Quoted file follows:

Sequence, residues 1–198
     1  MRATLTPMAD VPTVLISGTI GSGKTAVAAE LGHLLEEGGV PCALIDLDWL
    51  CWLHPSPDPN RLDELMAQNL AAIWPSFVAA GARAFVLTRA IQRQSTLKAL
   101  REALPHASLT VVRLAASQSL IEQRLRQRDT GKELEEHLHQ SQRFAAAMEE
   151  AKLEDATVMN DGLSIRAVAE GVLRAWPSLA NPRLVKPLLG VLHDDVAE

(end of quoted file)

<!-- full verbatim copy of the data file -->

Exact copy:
Sequence, residues 1–198
     1  MRATLTPMAD VPTVLISGTI GSGKTAVAAE LGHLLEEGGV PCALIDLDWL
    51  CWLHPSPDPN RLDELMAQNL AAIWPSFVAA GARAFVLTRA IQRQSTLKAL
   101  REALPHASLT VVRLAASQSL IEQRLRQRDT GKELEEHLHQ SQRFAAAMEE
   151  AKLEDATVMN DGLSIRAVAE GVLRAWPSLA NPRLVKPLLG VLHDDVAE